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Today I went for my first therapy appt. with a counselor. Monday's appt was actually an "intake" appt where they determine if I should see a counselor and if I want meds, to see a psychiatrist. I didnt know that you needed to see a psychiatrist to get meds. I thought a therapist could prescribe them.


The appt went ok. The lady was nice, open, and listened to me. I outlined some issues that I wanted to work on, namely my attachment issues and my anxiety issues and my self-esteem problems. She did mention that sometimes when anxiety gets really bad, one can lose interest in doing things that one used to like to do.


I kind of have problems opening up to people I dont know because it just isnt my style. In addition to therapy sessions or other than therapy sessions, the lady suggested group stuff. Apparently my health plan offers has group programs that deal with certain issues like anxiety, dependency issues, panic disorders, eating disorders, etc. She suggested that I could consider that, in addition to or in place of therapy sessions. Have anybody here ever done group programs? Do they help? I am not sure if I can feel comfortable doing that since I have never done stuff like that.


I am still hesitant about doing all this. Maybe all I need is medication and then I can feel calm enough to make decisions and do things instead of being so afraid of everything.

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I am so proud of you for going to your appt! I just started counseling myself and am really loving it. I have never gone to a group session but a previous roommate did for an eating disorder and she really enjoyed it, I went with her to 1 meeting to support her in her efforts, and it was nice, people were very friendly and uplifting. I would definitely give it a try. Try to work through everything without meds at first, because some of them can be addicting, unless you actually have an imbalance of certain chemicals and require them. Congrats on taking steps to find out who renaissancewoman really is and bring her to complete happiness!

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I think its great that you went to an appt. I think group can be a great experience. I think if you have attachment issues or anxiety about sharing perhaps you should start off with the one on one therapy first. Ease into it first off then add the group aspect when you have a focus on some of your issues.


Good job on taking that first step.

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Don't put all your faith in meds, because knowledge is key to understanding your problems. It doesn't come in capsule form, but meds can ease you into a good experience you'll grow with.


You'll do well if you put in the effort, just as you have in school.

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Hey renwoman!


Glad your first session went well. Group therapy has been suggested to me, but later on the therapist thought I wouldn't benefit from it. It's a personal decision. I think at this point, if I were to decide for one more round of therapy, I'd opt for group, because I KNOW were all the issues are coming from and hearing how others deal with them in a more successful way could really help me.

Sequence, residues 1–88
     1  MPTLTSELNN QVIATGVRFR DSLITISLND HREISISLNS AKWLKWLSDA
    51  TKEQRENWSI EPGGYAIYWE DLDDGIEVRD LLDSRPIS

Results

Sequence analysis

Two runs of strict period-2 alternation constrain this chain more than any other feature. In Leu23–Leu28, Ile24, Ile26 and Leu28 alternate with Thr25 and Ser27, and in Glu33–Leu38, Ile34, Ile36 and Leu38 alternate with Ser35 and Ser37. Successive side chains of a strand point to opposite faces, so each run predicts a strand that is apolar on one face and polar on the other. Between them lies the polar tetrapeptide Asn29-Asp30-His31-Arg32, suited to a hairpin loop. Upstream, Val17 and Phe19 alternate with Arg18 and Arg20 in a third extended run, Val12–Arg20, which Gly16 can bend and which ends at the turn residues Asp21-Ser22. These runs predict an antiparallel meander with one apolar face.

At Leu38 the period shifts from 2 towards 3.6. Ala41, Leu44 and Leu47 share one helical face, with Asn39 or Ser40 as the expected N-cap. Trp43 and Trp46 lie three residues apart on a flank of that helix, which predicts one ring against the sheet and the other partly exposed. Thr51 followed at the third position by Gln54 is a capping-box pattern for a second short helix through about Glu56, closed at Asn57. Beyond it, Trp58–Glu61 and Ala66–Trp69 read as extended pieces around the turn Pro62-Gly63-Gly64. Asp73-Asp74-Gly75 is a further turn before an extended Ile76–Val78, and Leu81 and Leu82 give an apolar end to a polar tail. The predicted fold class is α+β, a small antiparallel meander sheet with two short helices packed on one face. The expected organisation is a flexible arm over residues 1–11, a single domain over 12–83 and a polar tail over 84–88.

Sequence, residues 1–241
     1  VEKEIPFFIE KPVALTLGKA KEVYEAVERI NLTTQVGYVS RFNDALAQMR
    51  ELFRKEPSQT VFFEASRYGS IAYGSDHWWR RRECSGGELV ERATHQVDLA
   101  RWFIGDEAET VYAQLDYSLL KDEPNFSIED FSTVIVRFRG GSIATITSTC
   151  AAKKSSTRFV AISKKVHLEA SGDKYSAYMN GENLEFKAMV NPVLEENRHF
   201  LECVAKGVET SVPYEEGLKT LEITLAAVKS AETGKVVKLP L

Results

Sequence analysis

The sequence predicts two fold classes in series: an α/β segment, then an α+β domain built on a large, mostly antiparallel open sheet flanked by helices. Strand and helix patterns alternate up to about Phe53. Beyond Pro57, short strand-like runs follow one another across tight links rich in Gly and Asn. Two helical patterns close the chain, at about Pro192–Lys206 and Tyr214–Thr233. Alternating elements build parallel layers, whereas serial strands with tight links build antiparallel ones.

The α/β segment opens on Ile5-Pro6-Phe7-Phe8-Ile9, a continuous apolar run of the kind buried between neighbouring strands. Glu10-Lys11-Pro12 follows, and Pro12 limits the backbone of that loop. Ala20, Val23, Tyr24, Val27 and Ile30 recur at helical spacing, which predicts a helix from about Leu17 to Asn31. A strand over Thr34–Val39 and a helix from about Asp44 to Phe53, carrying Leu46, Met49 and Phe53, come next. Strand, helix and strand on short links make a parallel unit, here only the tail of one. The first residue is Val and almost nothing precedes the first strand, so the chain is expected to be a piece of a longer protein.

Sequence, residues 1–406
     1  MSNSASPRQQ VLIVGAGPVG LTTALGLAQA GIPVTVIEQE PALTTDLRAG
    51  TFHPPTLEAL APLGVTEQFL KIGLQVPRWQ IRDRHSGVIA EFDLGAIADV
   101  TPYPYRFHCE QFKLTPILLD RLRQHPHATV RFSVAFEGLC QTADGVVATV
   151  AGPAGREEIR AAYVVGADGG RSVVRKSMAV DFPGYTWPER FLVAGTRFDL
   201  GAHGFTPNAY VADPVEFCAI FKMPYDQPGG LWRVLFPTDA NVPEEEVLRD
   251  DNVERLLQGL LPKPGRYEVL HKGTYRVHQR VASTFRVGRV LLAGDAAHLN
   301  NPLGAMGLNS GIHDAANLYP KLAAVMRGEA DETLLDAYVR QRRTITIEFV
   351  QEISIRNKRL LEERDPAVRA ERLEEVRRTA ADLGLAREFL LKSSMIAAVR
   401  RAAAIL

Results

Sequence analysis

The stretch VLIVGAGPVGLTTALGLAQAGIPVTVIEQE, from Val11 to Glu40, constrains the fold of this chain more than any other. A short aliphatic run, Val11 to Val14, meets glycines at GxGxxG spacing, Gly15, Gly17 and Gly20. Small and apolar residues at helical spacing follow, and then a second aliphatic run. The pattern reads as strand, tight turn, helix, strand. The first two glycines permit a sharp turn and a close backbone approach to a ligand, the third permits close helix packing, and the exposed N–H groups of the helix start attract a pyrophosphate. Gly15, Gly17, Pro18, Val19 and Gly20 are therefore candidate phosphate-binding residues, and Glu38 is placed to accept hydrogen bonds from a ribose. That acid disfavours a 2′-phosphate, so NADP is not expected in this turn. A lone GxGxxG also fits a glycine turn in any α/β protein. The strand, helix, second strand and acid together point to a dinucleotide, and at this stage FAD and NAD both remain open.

About meds, I'd say always combine those with therapy. I am about to start another 6 months of effexor, but I already used that in the past, so I know how it works and how I respond to it. For the first time, I think you should be monitored carefully, but I think your therapist will take care of that.


Take care and keep us posted,



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I'd say to have a couple more sessions with your counsellor before you make more of a decision about group therapy. I know it works for many people, but it may not work for everybody, and I'm sure you need to have at least a certain comfort level before it could start to work for you. See how you feel about it in a bit.


As for meds, I'm not sure if the best way to approach that is to have them if you want them. It may be better for a doctor to sit down, have a talk with you and see if he/she thinks they are necessary. In some cases they can help, particularly if there appears to be a chemical imbalance. But it's also possible for some people to get into a "down" cycle that they think they need meds to get out of, but in reality don't.


All that aside, I'm glad you're going to see somebody to talk to about things. That alone is a big step and I hope is a huge help. It's nice to talk to somebody who is non-judgemental and listens to what you have to say. Well done!

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Good for you for checking out your options!


Some centers have a general group that's an intro to the dynamics of groups in general and therapy groups in particular. I did one called "About Groups" and we all ended up not liking the leader too much ... which I later read was a sign of a healthy group! Keep in mind that you don't have to talk/open up much to benefit from a group. Sometimes just observing the general interactions and hearing what others talk about can be helpful. Testing the waters by talking about something that's not your key issue can be informative as well.


If you have a specific concern, look at your health plan's options of course but keep in mind there are feasible alternatives if you aren't getting what you need from the plan. It's all about YOU and your needs, not about fitting into a plan's grid. But I think you know that already!

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